Reeser’s vocabulary is rich and varied, as befits the high rhetorical register  that  she  employs.  How  many  books  in the current flood of Mainstream Mediocrity will contain words such as swage, moreen, sorcière, ruth, cholorosis, adamantine, blains, toile, scullery, and chthonic?  This fearless use of the full range of available diction—fearless because it flies in the face of contemporary prejudice—gives Reeser’s work a heft that is sadly missing in a lot of workshopped pabulum.  Many of the poems in Fleur-de-Lis require more than a single reading before they give up their meaning to the reader, but only a poetry world immersed in social-media blather would consider that a fault.  Democratic accessibility is not mandatory in poems.  Lucidity, elegance, and precision are.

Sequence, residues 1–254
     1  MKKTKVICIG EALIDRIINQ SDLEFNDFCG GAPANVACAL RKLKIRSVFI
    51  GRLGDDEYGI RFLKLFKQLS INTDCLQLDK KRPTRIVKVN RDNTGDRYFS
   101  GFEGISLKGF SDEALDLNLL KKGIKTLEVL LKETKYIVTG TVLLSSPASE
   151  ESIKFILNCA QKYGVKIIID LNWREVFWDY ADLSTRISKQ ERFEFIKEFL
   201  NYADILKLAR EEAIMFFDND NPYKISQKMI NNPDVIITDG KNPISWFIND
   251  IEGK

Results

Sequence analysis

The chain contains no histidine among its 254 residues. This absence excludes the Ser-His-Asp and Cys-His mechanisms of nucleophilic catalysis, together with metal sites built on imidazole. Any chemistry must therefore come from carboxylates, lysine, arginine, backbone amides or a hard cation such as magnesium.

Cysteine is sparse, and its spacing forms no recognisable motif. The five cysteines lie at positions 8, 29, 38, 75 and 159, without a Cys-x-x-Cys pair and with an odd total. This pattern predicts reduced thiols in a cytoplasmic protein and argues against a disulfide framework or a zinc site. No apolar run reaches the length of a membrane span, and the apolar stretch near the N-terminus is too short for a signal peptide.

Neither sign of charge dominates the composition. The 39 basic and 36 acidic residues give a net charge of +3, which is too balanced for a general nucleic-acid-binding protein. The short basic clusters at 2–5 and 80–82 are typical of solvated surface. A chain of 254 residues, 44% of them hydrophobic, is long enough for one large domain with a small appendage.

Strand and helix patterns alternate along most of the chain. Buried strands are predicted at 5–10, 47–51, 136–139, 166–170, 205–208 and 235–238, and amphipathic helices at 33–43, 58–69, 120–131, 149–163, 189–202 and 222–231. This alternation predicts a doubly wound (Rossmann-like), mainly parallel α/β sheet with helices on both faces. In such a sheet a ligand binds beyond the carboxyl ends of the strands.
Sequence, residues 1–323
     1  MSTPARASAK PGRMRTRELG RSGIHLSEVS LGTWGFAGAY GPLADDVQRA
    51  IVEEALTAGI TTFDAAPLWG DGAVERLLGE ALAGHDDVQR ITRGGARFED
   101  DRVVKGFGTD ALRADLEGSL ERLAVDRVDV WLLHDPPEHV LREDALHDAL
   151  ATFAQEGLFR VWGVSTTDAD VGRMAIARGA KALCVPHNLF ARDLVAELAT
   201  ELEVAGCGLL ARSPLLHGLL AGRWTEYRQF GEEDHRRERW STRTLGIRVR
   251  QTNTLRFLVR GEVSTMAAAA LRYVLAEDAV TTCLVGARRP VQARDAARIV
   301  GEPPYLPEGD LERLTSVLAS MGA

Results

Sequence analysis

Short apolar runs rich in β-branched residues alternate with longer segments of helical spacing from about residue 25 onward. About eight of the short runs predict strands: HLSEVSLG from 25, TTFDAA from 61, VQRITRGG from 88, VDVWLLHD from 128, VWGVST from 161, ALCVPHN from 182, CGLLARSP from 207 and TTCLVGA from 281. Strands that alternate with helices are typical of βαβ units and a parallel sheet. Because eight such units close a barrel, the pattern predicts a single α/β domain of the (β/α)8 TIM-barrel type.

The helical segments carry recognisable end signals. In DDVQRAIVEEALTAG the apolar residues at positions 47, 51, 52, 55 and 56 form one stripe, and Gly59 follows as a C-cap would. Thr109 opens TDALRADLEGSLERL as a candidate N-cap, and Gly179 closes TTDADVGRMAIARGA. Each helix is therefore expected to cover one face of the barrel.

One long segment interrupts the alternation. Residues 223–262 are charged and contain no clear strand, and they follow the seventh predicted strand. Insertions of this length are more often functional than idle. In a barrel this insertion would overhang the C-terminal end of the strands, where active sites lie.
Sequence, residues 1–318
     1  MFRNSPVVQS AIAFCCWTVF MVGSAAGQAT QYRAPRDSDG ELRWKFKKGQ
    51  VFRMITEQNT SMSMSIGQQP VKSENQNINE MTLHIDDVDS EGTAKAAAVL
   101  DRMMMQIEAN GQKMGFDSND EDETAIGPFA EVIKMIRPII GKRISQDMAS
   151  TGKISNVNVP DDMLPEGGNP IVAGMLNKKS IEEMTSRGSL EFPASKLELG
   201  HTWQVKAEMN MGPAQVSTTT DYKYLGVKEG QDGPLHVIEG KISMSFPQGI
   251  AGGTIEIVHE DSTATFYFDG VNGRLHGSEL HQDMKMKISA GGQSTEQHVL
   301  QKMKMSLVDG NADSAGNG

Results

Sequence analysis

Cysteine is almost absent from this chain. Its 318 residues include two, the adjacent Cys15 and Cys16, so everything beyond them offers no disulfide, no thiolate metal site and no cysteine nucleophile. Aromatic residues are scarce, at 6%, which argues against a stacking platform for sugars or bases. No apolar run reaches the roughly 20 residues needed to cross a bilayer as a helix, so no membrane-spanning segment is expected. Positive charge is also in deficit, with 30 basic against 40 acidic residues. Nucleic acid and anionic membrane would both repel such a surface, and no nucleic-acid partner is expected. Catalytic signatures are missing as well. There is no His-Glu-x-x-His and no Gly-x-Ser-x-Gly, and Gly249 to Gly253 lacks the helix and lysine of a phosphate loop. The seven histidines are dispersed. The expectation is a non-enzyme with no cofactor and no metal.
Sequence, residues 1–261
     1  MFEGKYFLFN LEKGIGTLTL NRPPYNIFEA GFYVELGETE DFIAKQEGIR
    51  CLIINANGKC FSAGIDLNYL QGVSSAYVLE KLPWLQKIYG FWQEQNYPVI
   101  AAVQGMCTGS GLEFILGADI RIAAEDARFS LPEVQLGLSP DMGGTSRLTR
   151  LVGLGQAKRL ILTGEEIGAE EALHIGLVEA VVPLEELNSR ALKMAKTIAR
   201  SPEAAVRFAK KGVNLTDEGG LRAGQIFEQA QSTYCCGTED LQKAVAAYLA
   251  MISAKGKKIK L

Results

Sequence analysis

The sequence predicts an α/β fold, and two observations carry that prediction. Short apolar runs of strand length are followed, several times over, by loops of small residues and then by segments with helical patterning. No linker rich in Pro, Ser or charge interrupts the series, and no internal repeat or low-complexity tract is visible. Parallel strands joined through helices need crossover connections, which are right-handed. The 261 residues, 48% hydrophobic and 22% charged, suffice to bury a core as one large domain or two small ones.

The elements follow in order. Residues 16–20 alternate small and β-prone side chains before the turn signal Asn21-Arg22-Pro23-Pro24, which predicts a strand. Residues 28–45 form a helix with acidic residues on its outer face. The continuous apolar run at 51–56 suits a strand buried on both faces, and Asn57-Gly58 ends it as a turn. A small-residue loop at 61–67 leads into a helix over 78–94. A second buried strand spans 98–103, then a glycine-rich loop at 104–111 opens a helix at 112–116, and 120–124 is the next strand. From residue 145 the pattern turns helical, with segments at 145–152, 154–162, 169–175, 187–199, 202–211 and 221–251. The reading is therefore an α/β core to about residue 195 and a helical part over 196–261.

One section of Reeser’s book is given over to translations from Baudelaire—eleven, to be precise.  These are competent and at times inspired renderings that do their best to capture the strange mix of twisted love, ennui, and sepulchral pourriture that marks Baudelaire’s imagination.  Here’s a sample of Reeser’s fidelity to the original text:

                   None of this is equal to the vile, immense
                   Slavering bite of yours,
                   Which stupefies my soul without remorse.
                   And carting dizziness,
                   Rolls it in a faint towards death’s shores!

Here’s the French:

                   Tout cela ne vaut pas le terrible prodige
                          De ta salive qui mord,
                    Qui plonge dans l’oubli mon âme sans remord,
                            Et, charriant le vertige,
                    La roule défaillante aux rives de la mort!

Not every line of Reeser is as close to Baudelaire’s original as this, but that is inevitable in a rhymed and metered Englishing that attempts to maintain  the original  structure  of a translated poem.  One can always
                                                 131